The relators provide two particular allegations regarding upcoding for nail avulsions. They claim that Allen saw “Patient A” in June 2016, and diagnosed a fungal infection of the toenail, atherosclerosis, diabetic neuropathy, and an ingrown nail. Id. at ¶ 102. Allen's records indicated that he performed a nail avulsion. Id. Patient A followed up with Allen in July 2016, but the record for that date does not mention the nail avulsion or the “characteristic post-procedure presentation” of the affected toe. Id. at ¶ 103. Richardson followed up with Patient A in late August 2016 and inquired about the avulsion procedure. Id. at ¶ 104. Patient A “responded to the effect of, ‘I don't know what you are talking about. I just come here to get my nails trimmed.'” Richardson saw no physical signs that a nail avulsion had been performed. Id. The relators allege, “[u]pon information and belief, ” Allen submitted or caused to be submitted false claims for reimbursement of a nail avulsion on Patient A that he did not perform. Id. ¶ 105.

         The relators contend that Allen also performed a nail avulsion on “Patient B” in June 2016. Id. at ¶ 106. Allen saw Patient B again in mid-July 2016, but his notes made no mention of the nail avulsion. Id. at ¶ 107. Instead, Allen recorded that he debrided Patient B's toenails and two calluses. Id. Patient B's medical record does not contain a medical consent form, which the relators allege is always completed before an avulsion. Id. at ¶ 106. As with Patient A, the relators allege, upon information and belief, that Allen submitted or caused to be submitted false claims for reimbursement of a nail avulsion that he did not perform. Id. at ¶ 108.

         The relators also claim that Allen performed medically unnecessary and unreasonable procedures. Id. at ¶ 111. Namely, they assert that Allen almost always performed a tarsal tunnel release when he performed an endoscopic plantar fasciotomy. Id. They contend that he did so without properly diagnosing patients with tarsal tunnel syndrome and when patients had no symptoms of tarsal tunnel syndrome. Id. According to the relators, Allen did it simply so he and Lexington Foot & Ankle could falsely bill for the procedure. Id.

         The relators allege that Allen also ordered unnecessary and unreasonable tests and durable medical equipment (“DME”) and instructed the relators to do the same. Id. at ¶ 129. For example, Richardson contends that Allen ordered a “substantial combination” of MRI scans, x-rays, Unna boots, Xerosox, walking boots, surgical shoes, shoe inserts, and night splints as a first line of treatment for minor tendonitis. Id. at ¶ 132. Allen instructed and encouraged staff to order diagnostic tests and encouraged the use of higher paying CPT codes for x-rays. Id. at ¶¶134-135.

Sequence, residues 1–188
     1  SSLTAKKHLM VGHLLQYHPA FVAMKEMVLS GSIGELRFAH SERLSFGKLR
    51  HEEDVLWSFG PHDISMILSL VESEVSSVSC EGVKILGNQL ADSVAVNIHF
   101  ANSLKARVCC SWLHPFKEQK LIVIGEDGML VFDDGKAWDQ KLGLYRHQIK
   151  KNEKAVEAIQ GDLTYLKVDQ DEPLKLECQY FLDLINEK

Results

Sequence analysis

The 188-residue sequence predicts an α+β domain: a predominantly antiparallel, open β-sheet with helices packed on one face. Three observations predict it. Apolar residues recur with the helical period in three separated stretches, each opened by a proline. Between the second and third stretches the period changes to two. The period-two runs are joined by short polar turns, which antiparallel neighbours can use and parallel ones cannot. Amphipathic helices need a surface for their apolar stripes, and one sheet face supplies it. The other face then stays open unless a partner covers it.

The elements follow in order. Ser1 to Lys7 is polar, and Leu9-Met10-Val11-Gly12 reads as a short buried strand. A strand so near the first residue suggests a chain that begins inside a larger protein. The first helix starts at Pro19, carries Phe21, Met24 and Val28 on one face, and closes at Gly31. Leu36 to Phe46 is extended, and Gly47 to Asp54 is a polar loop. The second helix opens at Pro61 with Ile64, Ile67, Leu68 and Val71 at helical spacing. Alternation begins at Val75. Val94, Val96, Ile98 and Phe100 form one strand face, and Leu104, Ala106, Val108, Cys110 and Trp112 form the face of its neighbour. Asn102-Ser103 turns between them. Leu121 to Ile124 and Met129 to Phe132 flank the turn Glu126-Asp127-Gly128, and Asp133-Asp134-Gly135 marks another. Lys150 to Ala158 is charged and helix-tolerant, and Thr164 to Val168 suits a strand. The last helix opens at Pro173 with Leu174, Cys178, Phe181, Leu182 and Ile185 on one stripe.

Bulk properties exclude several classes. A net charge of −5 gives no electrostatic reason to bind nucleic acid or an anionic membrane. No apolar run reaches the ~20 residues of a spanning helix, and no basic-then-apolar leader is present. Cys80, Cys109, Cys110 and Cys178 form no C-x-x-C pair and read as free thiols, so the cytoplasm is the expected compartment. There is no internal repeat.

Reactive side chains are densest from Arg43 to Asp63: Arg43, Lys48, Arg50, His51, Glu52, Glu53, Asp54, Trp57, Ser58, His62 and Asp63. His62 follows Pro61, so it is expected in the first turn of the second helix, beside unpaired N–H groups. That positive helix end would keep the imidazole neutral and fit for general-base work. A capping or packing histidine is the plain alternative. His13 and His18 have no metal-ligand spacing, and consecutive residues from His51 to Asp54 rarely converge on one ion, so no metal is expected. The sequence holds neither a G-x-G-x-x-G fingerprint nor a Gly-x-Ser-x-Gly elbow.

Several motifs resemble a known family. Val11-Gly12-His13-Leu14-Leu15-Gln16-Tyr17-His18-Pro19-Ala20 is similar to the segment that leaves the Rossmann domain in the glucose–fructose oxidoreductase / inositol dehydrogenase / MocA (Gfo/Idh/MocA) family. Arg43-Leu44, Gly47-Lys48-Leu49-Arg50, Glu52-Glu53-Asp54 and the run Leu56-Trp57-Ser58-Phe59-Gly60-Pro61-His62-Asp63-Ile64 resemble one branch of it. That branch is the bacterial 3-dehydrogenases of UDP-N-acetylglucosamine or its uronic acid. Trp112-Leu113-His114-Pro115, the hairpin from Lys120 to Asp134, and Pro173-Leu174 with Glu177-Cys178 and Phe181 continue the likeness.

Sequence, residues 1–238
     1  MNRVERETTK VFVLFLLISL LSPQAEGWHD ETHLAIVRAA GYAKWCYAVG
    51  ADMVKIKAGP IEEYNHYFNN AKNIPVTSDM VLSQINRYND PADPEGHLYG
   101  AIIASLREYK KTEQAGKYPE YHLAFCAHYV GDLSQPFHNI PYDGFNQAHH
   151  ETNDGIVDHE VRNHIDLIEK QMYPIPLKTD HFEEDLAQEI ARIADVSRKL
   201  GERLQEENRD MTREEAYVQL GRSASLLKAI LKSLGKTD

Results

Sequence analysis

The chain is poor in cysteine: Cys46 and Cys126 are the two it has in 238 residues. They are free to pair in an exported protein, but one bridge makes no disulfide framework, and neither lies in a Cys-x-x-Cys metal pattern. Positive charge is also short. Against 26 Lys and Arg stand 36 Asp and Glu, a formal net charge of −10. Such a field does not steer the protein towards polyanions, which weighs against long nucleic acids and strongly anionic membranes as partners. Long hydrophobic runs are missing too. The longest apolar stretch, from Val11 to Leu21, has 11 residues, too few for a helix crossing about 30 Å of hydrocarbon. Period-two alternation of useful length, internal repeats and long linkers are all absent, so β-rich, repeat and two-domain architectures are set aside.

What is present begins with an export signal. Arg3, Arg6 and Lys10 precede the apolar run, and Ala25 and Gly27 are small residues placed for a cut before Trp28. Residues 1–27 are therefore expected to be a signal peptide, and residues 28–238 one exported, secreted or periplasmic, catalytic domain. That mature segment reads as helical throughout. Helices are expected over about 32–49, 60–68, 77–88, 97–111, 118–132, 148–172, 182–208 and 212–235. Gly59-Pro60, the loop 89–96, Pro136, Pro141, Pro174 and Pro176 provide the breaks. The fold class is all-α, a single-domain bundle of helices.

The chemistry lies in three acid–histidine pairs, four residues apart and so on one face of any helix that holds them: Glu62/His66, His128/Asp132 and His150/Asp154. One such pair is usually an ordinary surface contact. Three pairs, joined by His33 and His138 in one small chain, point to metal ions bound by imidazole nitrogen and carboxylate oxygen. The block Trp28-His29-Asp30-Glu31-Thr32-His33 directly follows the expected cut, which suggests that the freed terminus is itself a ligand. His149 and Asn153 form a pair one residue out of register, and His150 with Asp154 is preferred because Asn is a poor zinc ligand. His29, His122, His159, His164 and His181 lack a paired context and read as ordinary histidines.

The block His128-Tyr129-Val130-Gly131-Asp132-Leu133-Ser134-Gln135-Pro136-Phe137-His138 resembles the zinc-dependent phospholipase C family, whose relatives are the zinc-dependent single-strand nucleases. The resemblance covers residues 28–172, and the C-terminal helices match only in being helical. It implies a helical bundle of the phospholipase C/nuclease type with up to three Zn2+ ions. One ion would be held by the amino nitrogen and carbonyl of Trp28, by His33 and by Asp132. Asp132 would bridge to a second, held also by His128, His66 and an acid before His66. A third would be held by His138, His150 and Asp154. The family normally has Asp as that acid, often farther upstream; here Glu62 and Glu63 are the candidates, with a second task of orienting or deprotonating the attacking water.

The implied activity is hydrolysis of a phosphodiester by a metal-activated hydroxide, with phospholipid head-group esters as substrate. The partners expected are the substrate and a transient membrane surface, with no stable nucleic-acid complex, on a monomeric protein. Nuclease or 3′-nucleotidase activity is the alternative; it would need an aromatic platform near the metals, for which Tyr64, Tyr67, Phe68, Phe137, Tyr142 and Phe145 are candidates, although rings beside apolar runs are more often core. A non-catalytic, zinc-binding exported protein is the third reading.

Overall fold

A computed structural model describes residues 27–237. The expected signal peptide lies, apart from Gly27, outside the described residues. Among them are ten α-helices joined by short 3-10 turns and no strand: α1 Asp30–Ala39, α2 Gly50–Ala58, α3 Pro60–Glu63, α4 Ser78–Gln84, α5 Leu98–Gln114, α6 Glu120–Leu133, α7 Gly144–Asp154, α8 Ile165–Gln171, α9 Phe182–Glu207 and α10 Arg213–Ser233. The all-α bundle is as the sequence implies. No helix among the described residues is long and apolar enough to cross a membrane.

Defendants Allen and Lexington Foot & Ankle own and operate an MRI machine at their Harrodsburg Road clinic in Lexington, Kentucky. Id. at ¶ 142. The relators allege that the defendants violated the Stark Law's prohibition on self-referral, 42 U.S.C. § 1395nn, by ordering MRIs and scheduling patients for appointments at Lexington Foot & Ankle Harrodsburg Road clinic. Id. They further contend that the defendants' staff placed written confirmation in patient records indicating that third-party MRI services were offered to patients when no such alternative services were actually offered. Id. at ¶ 143.

         The relators also claim that Allen and Lexington Foot & Ankle impermissibly referred patients to Lexington Diabetic Center. Before Allen or other podiatrists may perform a surgical procedure, the patient must be medically cleared to undergo surgery. Id. at ¶ 146. The relators allege that Allen and Lexington Foot & Ankle self-referred all, or nearly all, of their surgical candidates to Lexington Diabetic Center for their pre-operative examinations, in violation of the Stark Law. ¶ 147. According to the relators, “patients are just automatically, without option, scheduled to go to Lexington Diabetic Center, PSC for pre-operative examination. . . .” ¶ 149. In addition, Lexington Diabetic Center owns and operates a device used to administer nerve conduction studies. ¶ 151. The relators assert that the defendants impermissibly self-referred all, or nearly all of their patients who received nerve conduction studies to Lexington Diabetic Center. Id.

         The staff of Lexington Foot & Ankle provides podiatric services to residents of approximately 25 nursing homes in Central Kentucky. Id. at ¶ 115. However, routine nail and foot care is not covered by Medicare ordinarily. 42 C.F.R. § 411.15. But such care may be reimbursable when systemic conditions cause circulation or sensation deficits such that routine care may pose a hazard if performed by a non-professional.[1] The relators assert that the defendants provided routine nail and foot care to nursing home patients (and billed federal programs accordingly) without regard to whether exceptional circumstances were present. Id. at ¶¶ 115, 123. The relators further allege that, once a nursing home patient received foot and nail care, the patient was placed in rotation in which the patient was seen every 61 days (the maximum Medicare will allow) indefinitely. Id. at ¶ 121. The relators state that the same scheme occurred on an outpatient basis at Lexington Foot & Ankle Center. Id. at ¶ 121.

         The relators claim that the defendants frequently utilized nurse practitioners to perform routine foot and nail care of patients in nursing homes. Id. at ¶ 125. They further allege that the nurse practitioners were always or almost always sent to perform these procedures alone, which made all billing for these services fraudulent. Id. at ¶ 125. The relators also contend that, “upon information and belief, ” the services provided by nurse ...